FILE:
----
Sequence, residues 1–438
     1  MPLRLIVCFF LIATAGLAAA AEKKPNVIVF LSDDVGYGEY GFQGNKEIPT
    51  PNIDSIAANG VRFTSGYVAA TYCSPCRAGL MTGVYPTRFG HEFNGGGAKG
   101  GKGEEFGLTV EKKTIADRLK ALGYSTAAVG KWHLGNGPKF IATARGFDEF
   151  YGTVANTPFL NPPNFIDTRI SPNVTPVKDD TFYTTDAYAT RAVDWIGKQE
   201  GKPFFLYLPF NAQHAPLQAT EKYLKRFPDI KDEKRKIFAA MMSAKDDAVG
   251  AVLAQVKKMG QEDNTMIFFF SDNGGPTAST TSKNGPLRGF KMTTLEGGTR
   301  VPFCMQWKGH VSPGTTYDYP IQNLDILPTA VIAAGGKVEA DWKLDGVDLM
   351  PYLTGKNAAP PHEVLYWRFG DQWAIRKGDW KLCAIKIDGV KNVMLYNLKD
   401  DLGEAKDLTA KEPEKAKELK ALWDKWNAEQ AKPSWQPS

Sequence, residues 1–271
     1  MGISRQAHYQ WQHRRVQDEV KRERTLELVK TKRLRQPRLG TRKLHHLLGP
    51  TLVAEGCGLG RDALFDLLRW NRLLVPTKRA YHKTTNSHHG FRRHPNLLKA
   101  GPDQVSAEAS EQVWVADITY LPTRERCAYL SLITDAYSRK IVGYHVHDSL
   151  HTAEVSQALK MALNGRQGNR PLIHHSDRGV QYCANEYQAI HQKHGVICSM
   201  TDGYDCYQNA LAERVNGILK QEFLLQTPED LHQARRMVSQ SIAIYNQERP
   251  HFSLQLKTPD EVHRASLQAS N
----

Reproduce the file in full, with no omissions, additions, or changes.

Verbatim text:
Sequence, residues 1–438
     1  MPLRLIVCFF LIATAGLAAA AEKKPNVIVF LSDDVGYGEY GFQGNKEIPT
    51  PNIDSIAANG VRFTSGYVAA TYCSPCRAGL MTGVYPTRFG HEFNGGGAKG
   101  GKGEEFGLTV EKKTIADRLK ALGYSTAAVG KWHLGNGPKF IATARGFDEF
   151  YGTVANTPFL NPPNFIDTRI SPNVTPVKDD TFYTTDAYAT RAVDWIGKQE
   201  GKPFFLYLPF NAQHAPLQAT EKYLKRFPDI KDEKRKIFAA MMSAKDDAVG
   251  AVLAQVKKMG QEDNTMIFFF SDNGGPTAST TSKNGPLRGF KMTTLEGGTR
   301  VPFCMQWKGH VSPGTTYDYP IQNLDILPTA VIAAGGKVEA DWKLDGVDLM
   351  PYLTGKNAAP PHEVLYWRFG DQWAIRKGDW KLCAIKIDGV KNVMLYNLKD
   401  DLGEAKDLTA KEPEKAKELK ALWDKWNAEQ AKPSWQPS

Sequence, residues 1–271
     1  MGISRQAHYQ WQHRRVQDEV KRERTLELVK TKRLRQPRLG TRKLHHLLGP
    51  TLVAEGCGLG RDALFDLLRW NRLLVPTKRA YHKTTNSHHG FRRHPNLLKA
   101  GPDQVSAEAS EQVWVADITY LPTRERCAYL SLITDAYSRK IVGYHVHDSL
   151  HTAEVSQALK MALNGRQGNR PLIHHSDRGV QYCANEYQAI HQKHGVICSM
   201  TDGYDCYQNA LAERVNGILK QEFLLQTPED LHQARRMVSQ SIAIYNQERP
   251  HFSLQLKTPD EVHRASLQAS N